Hoist By Their Own Words
After last Friday, it's fair to conclude that further major U.S. combat in Afghanistan makes no sense. Case in point: The U.S. military announcement carried in Friday's New York Times and Washington Post that American troops were withdrawing from an obscure valley it once termed "central" to the war effort. Vital yesterday, not today. Is it possible for anyone to figure out how to fight this war? Second case in point: Remarks on Friday to West Point cadets by Defense Secretary Robert Gates, including this bon mot: "In my opinion, any future defense secretary who advises the president to again send a big American land army into Asia or into the Middle East or Africa should ‘have his head examined,' as General MacArthur so delicately put it." Folks, he was referring to Libya, Iraq, and Afghanistan. So, if it doesn't make sense to fight in Afghanistan tomorrow, why do it now? Though Gates said little more about Afghanistan, this quote alone about future military sanity should occasion serious debate about this long war.
The news stories contain virtually equal dynamite, but have been obscured by the scary Middle East upheavals—and they have to be read as carefully as they were written. The Times story opened deadpan, pointing out that U.S. commanders in Afghanistan are taking troops out of the Pech valley in eastern Afghanistan not far from the border with Pakistan—a location they once termed "central" to the war effort. Now, apparently, it was no longer "central" or "vital." Now, despite the many lives and limbs lost in years of fierce battle there, it was no longer strategically worth continued American losses. It once was; it isn't now. May those who fell there rest in peace.
Now, the commanders determined, U.S. troops in that desolate place would better serve the overall campaign elsewhere—protecting population areas instead of defending against remote Taliban operations.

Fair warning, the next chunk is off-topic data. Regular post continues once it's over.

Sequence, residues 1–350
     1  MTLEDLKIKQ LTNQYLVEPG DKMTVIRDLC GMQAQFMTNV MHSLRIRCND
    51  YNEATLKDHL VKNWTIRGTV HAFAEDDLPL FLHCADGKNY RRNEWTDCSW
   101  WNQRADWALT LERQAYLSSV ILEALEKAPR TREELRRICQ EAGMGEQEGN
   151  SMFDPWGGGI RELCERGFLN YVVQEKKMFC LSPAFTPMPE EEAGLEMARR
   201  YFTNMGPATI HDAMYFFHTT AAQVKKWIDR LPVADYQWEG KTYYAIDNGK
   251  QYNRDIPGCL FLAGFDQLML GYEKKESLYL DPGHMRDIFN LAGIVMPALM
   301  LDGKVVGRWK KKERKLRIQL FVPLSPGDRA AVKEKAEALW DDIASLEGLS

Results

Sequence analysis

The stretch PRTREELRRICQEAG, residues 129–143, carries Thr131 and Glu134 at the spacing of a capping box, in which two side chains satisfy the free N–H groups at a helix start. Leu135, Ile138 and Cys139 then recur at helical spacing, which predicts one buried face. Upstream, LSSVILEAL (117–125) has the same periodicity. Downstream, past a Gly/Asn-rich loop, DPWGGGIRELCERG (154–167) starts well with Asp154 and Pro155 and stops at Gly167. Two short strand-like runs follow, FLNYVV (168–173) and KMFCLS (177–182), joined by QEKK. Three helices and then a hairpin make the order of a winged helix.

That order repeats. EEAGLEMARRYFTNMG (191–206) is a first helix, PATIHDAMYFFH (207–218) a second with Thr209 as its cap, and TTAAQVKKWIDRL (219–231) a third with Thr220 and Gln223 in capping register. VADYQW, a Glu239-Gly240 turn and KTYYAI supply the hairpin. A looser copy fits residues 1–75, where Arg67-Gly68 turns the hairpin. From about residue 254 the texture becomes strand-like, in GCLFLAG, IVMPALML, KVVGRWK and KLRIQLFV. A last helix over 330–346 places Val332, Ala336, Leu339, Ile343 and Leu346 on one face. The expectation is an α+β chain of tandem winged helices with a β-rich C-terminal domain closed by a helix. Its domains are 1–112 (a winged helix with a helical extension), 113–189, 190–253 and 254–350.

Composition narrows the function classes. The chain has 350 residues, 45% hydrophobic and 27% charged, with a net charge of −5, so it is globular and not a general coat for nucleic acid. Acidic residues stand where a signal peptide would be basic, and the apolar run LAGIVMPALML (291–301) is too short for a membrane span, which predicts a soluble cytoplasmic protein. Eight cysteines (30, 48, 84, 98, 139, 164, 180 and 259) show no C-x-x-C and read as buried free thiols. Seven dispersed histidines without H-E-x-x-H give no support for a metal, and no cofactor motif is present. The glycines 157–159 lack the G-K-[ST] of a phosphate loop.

The inescapable point of these news stories is that the U.S. military doesn't know how to judge what's vital inside Afghanistan and what's not.
Now, as both news stories made clear, the commanders did not claim "mission accomplished" in Pech because the mission was NOT accomplished. The Taliban continue to operate effectively in the area. Both stories also noted that Afghan forces would be replacing the American battalion of 800. But, of course, no one would venture even to hint that they could or would fight effectively or for very long. The conclusion seems inescapable: Deploying that U.S. brigade into Pech in the first place was a military miscalculation, and the losses, a mistake. But judge for yourself as you listen to the explanations in the Times by U.S. commanders. "After years of fighting for control of a prominent valley in the rugged mountains of eastern Afghanistan," the Times account begins, "the United States military has begun to pull back most of its forces from ground it once insisted was central to the campaign against the Taliban and Al Qaeda."